Because this type of lease is similar to a loan and will result in the ownership of the equipment, it will be categorized under liabilities as a loan. It is reflected in the income statement as an expense and the market value of the equipment, which is reflected on the lease will be recorded on the balance sheet as an asset. 

It is, however, not tax-deductable like the operating lease is, due to the fact that the lessee will eventually be owning the asset and will take on the full residual value. As mentioned, insurance and maintenance costs will be the lessee’s responsibility. 

The Operating Lease

This type of lease is ideal for smaller businesses that are leasing items for operational purposes like cars, IT equipment, hospitality equipment, and even property. These are leases that are used for equipment that evolves quickly and becomes redundant in a few months or years. 

This lease is treated as an operating expense on the balance sheet. Because the equipment is not, and will most likely not be owned by the lessor, it will not be recorded on the balance sheet as an asset at all, unless a capital lease agreement is entered. In the same breath, it won’t need to be considered a debt and the depreciation of the equipment won’t need to be recorded. 

This type of lease is usually 100% tax-deductible, and the interest that you pay per month will also be tax-deductible. This usually means that you can write off a large chunk of the payments to the business. 

Is Leasing A Good Option for Your Start-Up?

As a start-up business, you might be wondering whether leasing is the best option for you. As a rule of thumb, yes, leasing may be one of your least risky options to acquire the new equipment that you really need to operate your business, especially if you lack the initial capital needed to purchase it.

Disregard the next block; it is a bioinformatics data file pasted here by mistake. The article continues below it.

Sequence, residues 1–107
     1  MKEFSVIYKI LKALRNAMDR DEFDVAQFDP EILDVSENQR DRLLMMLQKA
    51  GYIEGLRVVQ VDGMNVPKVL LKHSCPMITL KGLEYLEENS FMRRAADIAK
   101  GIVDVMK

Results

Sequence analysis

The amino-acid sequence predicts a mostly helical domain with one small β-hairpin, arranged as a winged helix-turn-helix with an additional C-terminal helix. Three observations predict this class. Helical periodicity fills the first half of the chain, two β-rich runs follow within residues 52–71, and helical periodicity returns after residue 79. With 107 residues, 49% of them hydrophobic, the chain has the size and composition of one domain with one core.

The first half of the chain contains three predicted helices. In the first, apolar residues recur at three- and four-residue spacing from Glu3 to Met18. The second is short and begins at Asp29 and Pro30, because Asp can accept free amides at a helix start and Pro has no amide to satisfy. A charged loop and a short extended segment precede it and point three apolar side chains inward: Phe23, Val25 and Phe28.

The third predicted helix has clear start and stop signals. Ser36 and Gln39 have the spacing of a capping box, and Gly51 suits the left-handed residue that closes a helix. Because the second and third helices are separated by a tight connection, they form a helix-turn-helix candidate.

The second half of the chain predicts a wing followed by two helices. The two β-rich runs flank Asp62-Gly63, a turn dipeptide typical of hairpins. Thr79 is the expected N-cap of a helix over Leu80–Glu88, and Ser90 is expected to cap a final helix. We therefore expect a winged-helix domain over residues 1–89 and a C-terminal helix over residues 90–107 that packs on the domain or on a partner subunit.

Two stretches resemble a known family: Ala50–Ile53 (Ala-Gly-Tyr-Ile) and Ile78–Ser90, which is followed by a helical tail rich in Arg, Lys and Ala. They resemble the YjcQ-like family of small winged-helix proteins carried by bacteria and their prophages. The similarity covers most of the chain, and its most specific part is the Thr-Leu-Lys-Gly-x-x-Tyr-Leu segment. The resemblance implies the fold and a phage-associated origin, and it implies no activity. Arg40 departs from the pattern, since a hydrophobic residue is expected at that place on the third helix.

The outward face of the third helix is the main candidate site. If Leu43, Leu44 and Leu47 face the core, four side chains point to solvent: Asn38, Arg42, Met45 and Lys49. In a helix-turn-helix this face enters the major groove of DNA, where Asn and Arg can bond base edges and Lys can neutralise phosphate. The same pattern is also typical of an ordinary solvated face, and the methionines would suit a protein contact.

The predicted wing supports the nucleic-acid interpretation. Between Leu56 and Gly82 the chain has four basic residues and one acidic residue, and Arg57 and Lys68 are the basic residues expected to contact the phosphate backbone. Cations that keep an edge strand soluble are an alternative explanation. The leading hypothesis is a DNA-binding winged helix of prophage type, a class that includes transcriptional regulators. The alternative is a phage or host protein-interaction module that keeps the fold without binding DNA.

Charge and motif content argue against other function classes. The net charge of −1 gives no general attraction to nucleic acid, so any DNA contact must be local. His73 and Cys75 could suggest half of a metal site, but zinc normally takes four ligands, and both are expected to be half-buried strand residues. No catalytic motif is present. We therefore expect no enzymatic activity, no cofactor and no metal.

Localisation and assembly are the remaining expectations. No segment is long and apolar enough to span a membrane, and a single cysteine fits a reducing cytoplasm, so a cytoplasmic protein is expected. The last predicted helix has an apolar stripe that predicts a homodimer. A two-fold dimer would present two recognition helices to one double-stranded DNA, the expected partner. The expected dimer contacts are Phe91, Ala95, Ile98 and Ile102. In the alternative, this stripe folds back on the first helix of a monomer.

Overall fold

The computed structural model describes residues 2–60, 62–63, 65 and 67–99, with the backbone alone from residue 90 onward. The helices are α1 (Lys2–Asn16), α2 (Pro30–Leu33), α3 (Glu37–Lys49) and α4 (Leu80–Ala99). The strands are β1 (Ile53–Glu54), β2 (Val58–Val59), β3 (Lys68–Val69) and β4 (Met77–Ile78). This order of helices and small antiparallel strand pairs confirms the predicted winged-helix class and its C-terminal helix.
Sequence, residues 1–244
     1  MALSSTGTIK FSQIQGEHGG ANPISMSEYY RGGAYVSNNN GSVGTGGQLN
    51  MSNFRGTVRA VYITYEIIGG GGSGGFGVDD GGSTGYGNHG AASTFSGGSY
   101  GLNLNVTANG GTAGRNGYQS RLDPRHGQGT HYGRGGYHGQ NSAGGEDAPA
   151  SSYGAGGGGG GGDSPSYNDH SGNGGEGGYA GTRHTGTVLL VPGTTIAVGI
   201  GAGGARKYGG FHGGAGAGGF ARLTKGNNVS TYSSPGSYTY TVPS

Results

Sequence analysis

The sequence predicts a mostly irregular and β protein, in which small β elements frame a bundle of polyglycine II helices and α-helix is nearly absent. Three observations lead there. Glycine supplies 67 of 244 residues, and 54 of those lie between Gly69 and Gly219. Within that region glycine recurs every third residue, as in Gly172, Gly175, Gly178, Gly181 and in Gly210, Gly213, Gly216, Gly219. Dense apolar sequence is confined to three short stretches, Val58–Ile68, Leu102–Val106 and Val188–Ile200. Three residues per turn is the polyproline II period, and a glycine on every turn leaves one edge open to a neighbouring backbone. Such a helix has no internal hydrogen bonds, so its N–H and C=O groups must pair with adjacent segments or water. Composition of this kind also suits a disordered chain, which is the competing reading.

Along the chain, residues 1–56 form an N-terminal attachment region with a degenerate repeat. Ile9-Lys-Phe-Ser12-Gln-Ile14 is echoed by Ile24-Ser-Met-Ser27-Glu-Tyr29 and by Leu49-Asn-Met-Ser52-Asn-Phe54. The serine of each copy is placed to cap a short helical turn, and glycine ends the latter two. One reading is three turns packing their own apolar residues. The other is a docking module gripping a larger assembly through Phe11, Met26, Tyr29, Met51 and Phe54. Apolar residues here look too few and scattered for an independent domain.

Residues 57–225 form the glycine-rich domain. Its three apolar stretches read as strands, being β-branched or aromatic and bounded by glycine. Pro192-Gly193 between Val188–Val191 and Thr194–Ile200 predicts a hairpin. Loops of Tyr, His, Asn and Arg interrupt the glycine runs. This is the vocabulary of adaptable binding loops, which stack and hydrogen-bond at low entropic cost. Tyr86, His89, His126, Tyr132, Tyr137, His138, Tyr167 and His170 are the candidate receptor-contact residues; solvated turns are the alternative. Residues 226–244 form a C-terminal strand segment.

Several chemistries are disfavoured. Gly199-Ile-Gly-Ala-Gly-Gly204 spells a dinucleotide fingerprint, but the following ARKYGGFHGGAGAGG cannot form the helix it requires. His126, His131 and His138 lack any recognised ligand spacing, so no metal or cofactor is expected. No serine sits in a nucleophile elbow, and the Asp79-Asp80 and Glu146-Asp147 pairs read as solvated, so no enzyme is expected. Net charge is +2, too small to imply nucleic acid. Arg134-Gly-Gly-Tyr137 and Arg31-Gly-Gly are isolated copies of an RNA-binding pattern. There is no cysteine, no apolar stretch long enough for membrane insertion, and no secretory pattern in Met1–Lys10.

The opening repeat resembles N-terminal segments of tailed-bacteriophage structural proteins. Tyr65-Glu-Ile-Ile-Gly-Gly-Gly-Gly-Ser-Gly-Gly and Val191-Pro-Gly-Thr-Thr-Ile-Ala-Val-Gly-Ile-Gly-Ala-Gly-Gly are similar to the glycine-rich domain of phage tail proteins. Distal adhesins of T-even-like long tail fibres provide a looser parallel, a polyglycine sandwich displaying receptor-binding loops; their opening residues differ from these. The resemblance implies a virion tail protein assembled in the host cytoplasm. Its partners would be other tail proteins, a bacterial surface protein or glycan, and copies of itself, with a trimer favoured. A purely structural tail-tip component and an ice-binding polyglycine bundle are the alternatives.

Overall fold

We took a look at how leasing could benefit you as a start-up.

Less Financial Risk  

As mentioned before, leasing reduces the risk of the upfront capital needed for the equipment. This working cash-flow can rather be used for day-to-day expenses in the company, like wages. But it also reduces the risk to the company in tough financial times. As we have seen with COVID-19, your economic well-being can change somewhat unexpectedly, so it is advisable to have money in the bank while paying monthly installments on equipment. 

It will also take a great strain off of your working capital. A large sum of money to buy equipment could be incredibly risky as your working capital could be better used for day-to-day operating expenses like wages, and emergency funds for tough financial times. 

A lease rather allows you to stretch out a payment over a number of months and allows your company to absorb the risk. In most cases, the interest of the lease will be written off to the company, meaning less risk for it. 

There is Greater Flexibility and Room to Upgrade

As a start-up, your equipment needs are likely to rapidly evolve. If you are in an industry where technology becomes redundant quickly, a lease is a better option for your company to keep up with your changing equipment needs.